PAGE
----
At CICECO (Research Centre for Ceramics and Composites, Chemistry Department of Aveiro University) [5] synthesis and molecular design of new macrocyclic receptors for the selective binding of organic substrates and toxic metals is being guided by molecular mechanics, molecular dynamics and quantum mechanical calculations.

In Coimbra, at CEMDRX, targets for structural studies include aminoacetic acids and their N-methylated derivatives having unusual electric properties [6,7]; chiral compounds and catalysts [6]; molecular rotors exhibiting ferroelastic behaviour [6]; Langmuir-Blodgett films related to kinetic reactions in biological membranes, molecular electronics and optical data storage [6]; five-membered heterocyclic compounds with potential anti-tumor and anti-leukemic activity and steroidal anticancer drugs [6].


[1] Technical University of Lisbon, Instituto Superior Técnico, Centro de Química Estrutural, M. Teresa Duarte (teresa.duarte@ist.utl.pt), M. Fátima M. Piedade (mdpiedade@fc.ul.pt), João Ferreira da Silva (joao.luis@ist.utl.pt), Adelino L. M. Galvão (adelino@ist.utl.pt), M. João Ferreira (mjoao.ferreira@netcabo.pt). [2] Instituto Tecnológico e Nuclear, Sacavém, Dept. de Química, Isabel C. Santos (icsantos@itn.pt), Dulce Belo (dbelo@itn.pt), Sandra Rabaça (sandrar@itn.pt).
[3] New University of Lisbon, ITQB – Instituto de Tecnologia Química e Biológica, Isabel Bento (bento@itqb.unl.pt), Pedro M. Matias (matias@itqb.unl.pt). [4] University of Porto, IBMC - Instituto de Biologia Molecular e Celular and ICBAS - Instituto de Ciências Biomédicas de Abel Salazar, Ana M. Damas (amdamas@ibmc.up.pt) and Luis Gales (lgales@ibmc.up.pt).
[5] University of Aveiro, Dept. de Química, Vítor Félix, (vfelix@dq.ua.pt).
[6] University of Coimbra, Physics Dept., CEMDRX, Margarida Costa (guida@pollux.fi s.uc.pt), Maria José Almeida (ze@pollux.fi s.uc.pt), José António Paixão (jap@pollux.fis.uc.pt), Lourdes Andrade (lourdes@pollux.fi s.uc.pt), Ana Matos Beja (ana@pollux.fi s.uc.pt), Manuela Ramos Silva (manuela@pollux.fi s.uc.pt).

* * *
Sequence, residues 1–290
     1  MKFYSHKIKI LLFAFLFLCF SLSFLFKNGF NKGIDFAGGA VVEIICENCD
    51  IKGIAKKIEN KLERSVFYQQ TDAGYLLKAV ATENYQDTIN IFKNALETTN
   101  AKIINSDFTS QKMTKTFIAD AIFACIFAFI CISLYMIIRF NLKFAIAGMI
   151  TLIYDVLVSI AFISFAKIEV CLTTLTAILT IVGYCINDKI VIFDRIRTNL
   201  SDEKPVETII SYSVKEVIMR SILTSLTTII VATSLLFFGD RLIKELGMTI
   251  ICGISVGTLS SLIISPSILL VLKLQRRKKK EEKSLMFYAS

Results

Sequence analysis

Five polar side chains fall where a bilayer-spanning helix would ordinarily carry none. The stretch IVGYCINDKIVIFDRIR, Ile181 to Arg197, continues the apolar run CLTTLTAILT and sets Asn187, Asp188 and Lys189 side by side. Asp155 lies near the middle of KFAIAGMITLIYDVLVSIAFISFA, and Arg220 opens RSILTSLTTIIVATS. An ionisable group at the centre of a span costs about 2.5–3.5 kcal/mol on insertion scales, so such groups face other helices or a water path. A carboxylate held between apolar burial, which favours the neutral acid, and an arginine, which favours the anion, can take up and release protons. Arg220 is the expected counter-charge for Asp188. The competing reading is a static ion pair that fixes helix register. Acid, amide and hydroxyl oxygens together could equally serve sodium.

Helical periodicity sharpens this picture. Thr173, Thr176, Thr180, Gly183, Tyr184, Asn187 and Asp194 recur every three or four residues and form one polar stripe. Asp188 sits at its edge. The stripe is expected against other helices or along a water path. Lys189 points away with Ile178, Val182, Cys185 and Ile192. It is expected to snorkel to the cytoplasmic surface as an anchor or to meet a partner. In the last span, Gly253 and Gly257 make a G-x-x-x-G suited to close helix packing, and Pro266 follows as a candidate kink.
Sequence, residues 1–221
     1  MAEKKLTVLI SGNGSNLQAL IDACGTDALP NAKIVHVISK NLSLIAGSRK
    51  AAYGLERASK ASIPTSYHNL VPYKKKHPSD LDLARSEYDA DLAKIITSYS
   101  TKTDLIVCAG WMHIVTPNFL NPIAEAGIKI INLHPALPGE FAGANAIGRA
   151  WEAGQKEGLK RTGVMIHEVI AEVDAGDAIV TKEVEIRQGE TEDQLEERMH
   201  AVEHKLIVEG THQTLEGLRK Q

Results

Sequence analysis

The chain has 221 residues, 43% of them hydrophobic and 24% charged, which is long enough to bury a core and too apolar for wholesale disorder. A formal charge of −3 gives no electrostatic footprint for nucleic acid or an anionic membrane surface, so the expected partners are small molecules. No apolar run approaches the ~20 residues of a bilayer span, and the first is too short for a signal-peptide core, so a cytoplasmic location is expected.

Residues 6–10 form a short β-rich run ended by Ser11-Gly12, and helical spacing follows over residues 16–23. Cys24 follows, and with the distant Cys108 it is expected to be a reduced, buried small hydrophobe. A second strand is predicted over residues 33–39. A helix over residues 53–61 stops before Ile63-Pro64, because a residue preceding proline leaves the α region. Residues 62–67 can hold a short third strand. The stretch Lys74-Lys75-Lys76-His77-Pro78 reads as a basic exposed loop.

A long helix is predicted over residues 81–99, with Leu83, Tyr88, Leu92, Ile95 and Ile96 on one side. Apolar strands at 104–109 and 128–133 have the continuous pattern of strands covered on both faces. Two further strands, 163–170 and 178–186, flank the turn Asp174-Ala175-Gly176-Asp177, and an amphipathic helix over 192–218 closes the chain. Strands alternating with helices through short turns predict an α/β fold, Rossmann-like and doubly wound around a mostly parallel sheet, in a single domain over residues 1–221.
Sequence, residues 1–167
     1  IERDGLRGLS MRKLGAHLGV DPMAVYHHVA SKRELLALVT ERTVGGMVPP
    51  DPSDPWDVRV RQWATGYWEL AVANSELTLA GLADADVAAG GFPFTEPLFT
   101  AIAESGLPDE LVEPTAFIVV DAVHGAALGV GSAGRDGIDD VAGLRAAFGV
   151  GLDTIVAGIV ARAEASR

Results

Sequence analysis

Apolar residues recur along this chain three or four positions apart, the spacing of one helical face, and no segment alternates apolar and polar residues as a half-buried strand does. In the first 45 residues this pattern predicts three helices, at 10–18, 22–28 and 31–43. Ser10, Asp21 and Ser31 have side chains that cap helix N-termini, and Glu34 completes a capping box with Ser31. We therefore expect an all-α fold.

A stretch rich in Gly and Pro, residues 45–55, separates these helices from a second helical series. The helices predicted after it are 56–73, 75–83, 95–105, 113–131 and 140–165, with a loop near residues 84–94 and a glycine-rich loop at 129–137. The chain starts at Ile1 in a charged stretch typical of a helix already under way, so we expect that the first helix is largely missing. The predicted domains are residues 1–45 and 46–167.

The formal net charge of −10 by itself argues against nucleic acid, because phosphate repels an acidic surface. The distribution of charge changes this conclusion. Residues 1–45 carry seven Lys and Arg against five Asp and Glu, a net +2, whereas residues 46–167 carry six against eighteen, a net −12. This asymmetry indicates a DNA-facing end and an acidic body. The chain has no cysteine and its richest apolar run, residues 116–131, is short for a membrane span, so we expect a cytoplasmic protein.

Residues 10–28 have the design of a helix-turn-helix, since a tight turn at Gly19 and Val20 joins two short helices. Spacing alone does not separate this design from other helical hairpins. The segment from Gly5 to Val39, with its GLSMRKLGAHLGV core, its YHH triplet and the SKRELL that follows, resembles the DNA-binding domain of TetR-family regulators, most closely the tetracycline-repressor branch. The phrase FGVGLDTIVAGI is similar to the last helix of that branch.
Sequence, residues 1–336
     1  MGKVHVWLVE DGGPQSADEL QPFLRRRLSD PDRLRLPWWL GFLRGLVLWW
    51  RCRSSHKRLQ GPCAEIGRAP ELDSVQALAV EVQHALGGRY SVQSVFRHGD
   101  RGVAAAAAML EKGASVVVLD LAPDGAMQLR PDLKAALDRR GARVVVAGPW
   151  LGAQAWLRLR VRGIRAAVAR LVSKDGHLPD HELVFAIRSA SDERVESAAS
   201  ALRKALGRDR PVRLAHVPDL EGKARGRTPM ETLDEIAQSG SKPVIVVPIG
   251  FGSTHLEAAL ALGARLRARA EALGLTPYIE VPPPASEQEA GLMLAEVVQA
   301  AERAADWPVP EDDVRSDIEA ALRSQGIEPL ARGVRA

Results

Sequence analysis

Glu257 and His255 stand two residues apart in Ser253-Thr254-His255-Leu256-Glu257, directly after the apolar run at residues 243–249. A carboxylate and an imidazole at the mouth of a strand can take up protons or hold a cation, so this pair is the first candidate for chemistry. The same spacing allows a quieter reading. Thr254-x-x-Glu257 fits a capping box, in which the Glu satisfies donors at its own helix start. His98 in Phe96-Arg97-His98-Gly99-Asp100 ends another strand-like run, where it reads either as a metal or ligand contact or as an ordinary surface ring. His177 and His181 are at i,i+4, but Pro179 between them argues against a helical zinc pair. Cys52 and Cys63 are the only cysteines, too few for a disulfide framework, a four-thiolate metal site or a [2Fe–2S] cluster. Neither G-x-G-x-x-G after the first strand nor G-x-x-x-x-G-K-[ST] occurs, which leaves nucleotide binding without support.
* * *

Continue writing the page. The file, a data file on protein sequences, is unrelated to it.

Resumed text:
[7] University of Minho, Physics Dept., Etelvina Matos Gomes (emg@fi sica.uminho.pt).

[Binding] The binding of 2,4-dinitrophenol to wild-type and amyloidogenic transthyretin. (a) Localization of DNP (green) in the TTR hormone-binding channel. The thyroxine (grey) binding site is also shown. (b) Superposition of the DNPbinding site in the different human TTR variants. TTR-WT–DNP is depicted in yellow, TTR Y78F–DNP in red and TTR L55P–DNP in blue. (c) Detailed stereoview of the interactions established between DNP and WT-TTR. (E. Morais-de-Sa, R.M. Neto-Silva, P.J. Pereira, M.J. Saraiva and A.M. Damas Acta Cryst (2006) D62, 512-519) (PDBIDs 2B14, 2B15 and 2B16).

Protein crystallography: At ICBAS and IBMC [1] the molecular mechanisms underlying amyloidosis of transthyretin (TTR) is being studied. The current focus is on human transthyretin variants and transthyretin amyloid fibrils and the design of amyloid inhibitors and disrupters, on fasciolin, a small antigen secreted by the parasite Fasciola hepatica, and on other proteins including enolase, glutamine synthetase, biliverdin reductase and thrombin.

[Human transthyretin] Human transthyretin in complex with iododiflunisal: structural features associated with a potent amyloid inhibitor. The electrostatic surface representation of the AA'-binding site is presented along the x-axis. The two symmetry equivalent positions of the ligands are shown in orange and blue. (L. Gales, S. Macedo-Ribeiro, G. Arsequell, G. Valencia, M.J. Saraiva and A.M. Damas, Biochem. J. (2005) 388, 615–621). (PDBID 1Y1D)
The Macromolecular Crystallography Laboratory at ITQB (Instituto de Tecnologia Química e Biológica) [2] has contributed to the understanding of 3D-structures of metalloproteins involved in electron transfer processes, including multiheme cytochromes, iron-sulfur and iron storage proteins. Recent projects involve structural studies of proteins related to cell adhesion during inflammatory processes in humans, a ribonuclease involved with the degradation of mRNAs, a lactase required for the assembly of the Bacillus subtilis endospore coat, complexes of β-cinnamomin, an elicitin from a phytopathogenic fungus, a fish osteocalcin, and some enzymes involved in the synthesis of polysaccharides.

[RNA] Unravelling the dynamics of RNA degradation by RNAse II and its RNA- bound complex - Cartoon of RNase II – RNA complex showing domains CSD1 (orange), CSD2 (yellow), RNB (light-cyan) and S1 (green), the Mg ion as a sphere (green) and RNA in spheres (pink) (C. Frazão, C.E. McVey, M. Amblar, A. Barbas, C. Vonrhein, C.M. Arraiano and M.A. Carrondo, Nature (2006), 443, 110-4.